Residential Energy Efficiency Blog
Saturday, August 15 2020
Today's BGE energy audit (8/15/20) in Randallstown, MD yielded some great information that I want to be sure to pass along to as many people as possible because this stuff really makes sense!
The issue and original call came from a problem in the attic. Mold stains on the sheathing (plywood). It was discovered during the process of trying to find the source of water leaks that were showing up on the drywall ceiling in a few spots around the house. The roof is 20 years old.
I have been in a lot of attics and seen a lot of plywood in attics (for which I am very proud!). I wasn't sure about what I was going to find. I have seen small patches of discoloration due to poor bath exhaust ventilation or a disconnected duct, but I have not had a mold case.
At first when I got up in the attic I could see the stains. It was apparent quickly that there was an issue.
I was a little puzzled at first. My mind flashed to the possible interaction of the conditioned air in the living space below and the warm humid attic air. A large opening or bypass? That seamed unlikely. Then I turned around.
The poor duct was lying completely undressed and quite dirty.
Here is the recipe for mildew and mold growth on the plywood in this attic.
1. 2nd HVAC system located in the attic. All ductwork servicing upstairs is in the attic. Ducts are leaky and improperly insulated allowing cold air to escape.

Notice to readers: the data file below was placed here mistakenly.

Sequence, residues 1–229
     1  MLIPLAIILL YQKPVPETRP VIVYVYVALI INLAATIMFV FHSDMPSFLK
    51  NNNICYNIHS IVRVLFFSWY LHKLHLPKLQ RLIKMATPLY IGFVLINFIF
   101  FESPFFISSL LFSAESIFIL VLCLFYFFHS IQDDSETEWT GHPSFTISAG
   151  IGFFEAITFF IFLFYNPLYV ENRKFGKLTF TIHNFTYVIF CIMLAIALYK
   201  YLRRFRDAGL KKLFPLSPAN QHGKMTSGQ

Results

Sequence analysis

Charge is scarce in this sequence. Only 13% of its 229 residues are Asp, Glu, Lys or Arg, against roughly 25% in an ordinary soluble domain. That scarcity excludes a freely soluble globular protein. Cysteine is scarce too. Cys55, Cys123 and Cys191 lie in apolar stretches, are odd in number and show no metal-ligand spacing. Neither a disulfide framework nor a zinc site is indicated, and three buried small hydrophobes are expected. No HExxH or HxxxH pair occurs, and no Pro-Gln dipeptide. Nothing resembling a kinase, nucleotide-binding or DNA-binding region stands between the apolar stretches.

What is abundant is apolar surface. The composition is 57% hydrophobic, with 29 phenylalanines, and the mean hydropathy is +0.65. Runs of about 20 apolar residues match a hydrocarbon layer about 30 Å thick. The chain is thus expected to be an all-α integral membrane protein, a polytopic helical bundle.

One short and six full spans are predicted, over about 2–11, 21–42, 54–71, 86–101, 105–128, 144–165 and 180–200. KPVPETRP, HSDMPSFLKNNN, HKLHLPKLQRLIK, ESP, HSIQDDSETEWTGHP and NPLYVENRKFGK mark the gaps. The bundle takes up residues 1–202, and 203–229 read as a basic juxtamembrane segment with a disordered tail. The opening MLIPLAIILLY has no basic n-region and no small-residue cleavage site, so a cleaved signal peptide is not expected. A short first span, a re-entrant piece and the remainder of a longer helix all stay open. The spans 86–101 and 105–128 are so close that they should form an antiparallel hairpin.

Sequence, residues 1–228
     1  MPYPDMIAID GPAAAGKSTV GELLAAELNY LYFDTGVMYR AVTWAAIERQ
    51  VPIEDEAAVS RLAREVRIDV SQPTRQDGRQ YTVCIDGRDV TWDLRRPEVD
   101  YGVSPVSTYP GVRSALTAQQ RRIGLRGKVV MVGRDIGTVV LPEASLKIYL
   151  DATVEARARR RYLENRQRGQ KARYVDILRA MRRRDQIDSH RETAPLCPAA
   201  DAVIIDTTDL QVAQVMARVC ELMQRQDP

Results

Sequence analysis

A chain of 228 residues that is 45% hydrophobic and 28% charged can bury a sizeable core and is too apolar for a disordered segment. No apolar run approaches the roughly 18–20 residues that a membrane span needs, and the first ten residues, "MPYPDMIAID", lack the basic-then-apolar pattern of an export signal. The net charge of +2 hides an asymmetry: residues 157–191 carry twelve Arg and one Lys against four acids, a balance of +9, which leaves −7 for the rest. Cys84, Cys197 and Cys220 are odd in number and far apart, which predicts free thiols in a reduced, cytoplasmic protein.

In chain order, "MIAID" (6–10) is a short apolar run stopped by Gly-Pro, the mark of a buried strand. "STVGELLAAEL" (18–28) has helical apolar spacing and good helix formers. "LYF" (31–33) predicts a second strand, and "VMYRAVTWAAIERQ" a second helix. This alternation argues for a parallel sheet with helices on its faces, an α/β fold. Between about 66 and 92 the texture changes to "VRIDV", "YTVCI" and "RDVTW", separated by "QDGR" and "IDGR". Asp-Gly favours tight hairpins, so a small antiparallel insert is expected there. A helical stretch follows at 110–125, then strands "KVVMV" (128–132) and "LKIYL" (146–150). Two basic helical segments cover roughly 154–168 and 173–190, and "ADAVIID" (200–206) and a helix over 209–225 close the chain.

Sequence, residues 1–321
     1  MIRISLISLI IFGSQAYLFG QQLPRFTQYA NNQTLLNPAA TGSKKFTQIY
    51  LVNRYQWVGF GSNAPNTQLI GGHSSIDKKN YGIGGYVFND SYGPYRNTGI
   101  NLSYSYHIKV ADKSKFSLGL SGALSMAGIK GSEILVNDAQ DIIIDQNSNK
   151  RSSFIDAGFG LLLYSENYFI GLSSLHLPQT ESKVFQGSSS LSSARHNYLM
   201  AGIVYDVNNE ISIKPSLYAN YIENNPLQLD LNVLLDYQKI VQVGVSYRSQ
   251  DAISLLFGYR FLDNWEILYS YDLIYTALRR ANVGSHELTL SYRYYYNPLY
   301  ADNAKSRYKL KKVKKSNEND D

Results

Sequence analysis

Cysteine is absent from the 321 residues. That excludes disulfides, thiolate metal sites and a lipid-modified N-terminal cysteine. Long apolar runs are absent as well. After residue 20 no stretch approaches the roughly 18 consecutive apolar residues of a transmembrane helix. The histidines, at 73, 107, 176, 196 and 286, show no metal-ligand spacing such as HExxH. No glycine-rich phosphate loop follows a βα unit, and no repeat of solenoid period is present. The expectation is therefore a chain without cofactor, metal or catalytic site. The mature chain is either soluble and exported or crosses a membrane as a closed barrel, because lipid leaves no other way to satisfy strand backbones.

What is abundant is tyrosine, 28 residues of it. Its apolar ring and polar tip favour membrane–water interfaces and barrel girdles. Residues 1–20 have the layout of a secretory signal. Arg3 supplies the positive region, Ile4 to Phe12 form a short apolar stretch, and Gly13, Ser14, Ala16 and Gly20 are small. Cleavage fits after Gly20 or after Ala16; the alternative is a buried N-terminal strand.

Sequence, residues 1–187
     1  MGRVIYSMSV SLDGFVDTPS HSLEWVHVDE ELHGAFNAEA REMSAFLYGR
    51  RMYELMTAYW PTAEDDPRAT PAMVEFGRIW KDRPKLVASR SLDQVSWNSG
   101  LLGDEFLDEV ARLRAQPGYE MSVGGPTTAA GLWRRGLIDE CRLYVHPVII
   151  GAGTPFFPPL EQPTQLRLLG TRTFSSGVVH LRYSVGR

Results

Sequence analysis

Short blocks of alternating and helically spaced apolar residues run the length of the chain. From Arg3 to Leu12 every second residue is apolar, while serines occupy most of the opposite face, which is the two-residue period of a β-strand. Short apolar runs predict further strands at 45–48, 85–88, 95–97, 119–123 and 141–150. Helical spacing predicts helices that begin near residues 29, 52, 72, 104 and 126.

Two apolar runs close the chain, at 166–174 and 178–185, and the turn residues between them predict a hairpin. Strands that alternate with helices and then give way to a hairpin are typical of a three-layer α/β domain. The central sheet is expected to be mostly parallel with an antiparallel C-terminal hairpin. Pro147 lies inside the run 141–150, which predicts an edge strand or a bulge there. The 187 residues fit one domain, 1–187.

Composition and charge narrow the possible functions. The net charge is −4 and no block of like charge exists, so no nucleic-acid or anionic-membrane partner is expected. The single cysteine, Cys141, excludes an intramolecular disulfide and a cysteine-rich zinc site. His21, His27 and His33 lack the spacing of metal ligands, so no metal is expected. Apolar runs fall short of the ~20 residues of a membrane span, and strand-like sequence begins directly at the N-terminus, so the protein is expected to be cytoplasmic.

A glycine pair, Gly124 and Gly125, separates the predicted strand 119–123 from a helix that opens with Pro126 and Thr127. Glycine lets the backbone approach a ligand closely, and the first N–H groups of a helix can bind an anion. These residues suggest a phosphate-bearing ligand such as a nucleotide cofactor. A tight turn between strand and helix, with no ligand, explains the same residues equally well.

2. 2nd HVAC system improperly sized. Too large for the space/square footage it is supposed to service pushing cooler air through leaky ducts and into the attic.
3. Thermostat located in a bedroom that is likely subjected to higher temperatures due to the lack of performance of the sytem due to the leakiness/exposure to the hot attic.
4. Poor ventilation in the attic due to improper baffle placement and insulation covering the open areas. In other words, it looks right, but it is not.
A baffle is supposed to act as a channel for the open soffit below. Yet, look what the installation crew did...
The soffit opening is covered with "extra" layer. It is blocking any intake of air.
Control the humidity and the mold growth disappears.
How do you do that you ask?
1. Remove the insulation around the soffit/eave areas - full perimeter
2. Reposition the baffles properly to accept the now open air intake areas and in preparation for future added insulation (if applicable).
2a. Adding intake can also be a function of a siding project and is advisable if siding is on the list of things to get done.
3. Re-position the insulation to not cover the openings.
4. Seal the duct seams and tightly insulate the supply plenum (main AC duct) to eliminate leakage (lost energy) into the attic.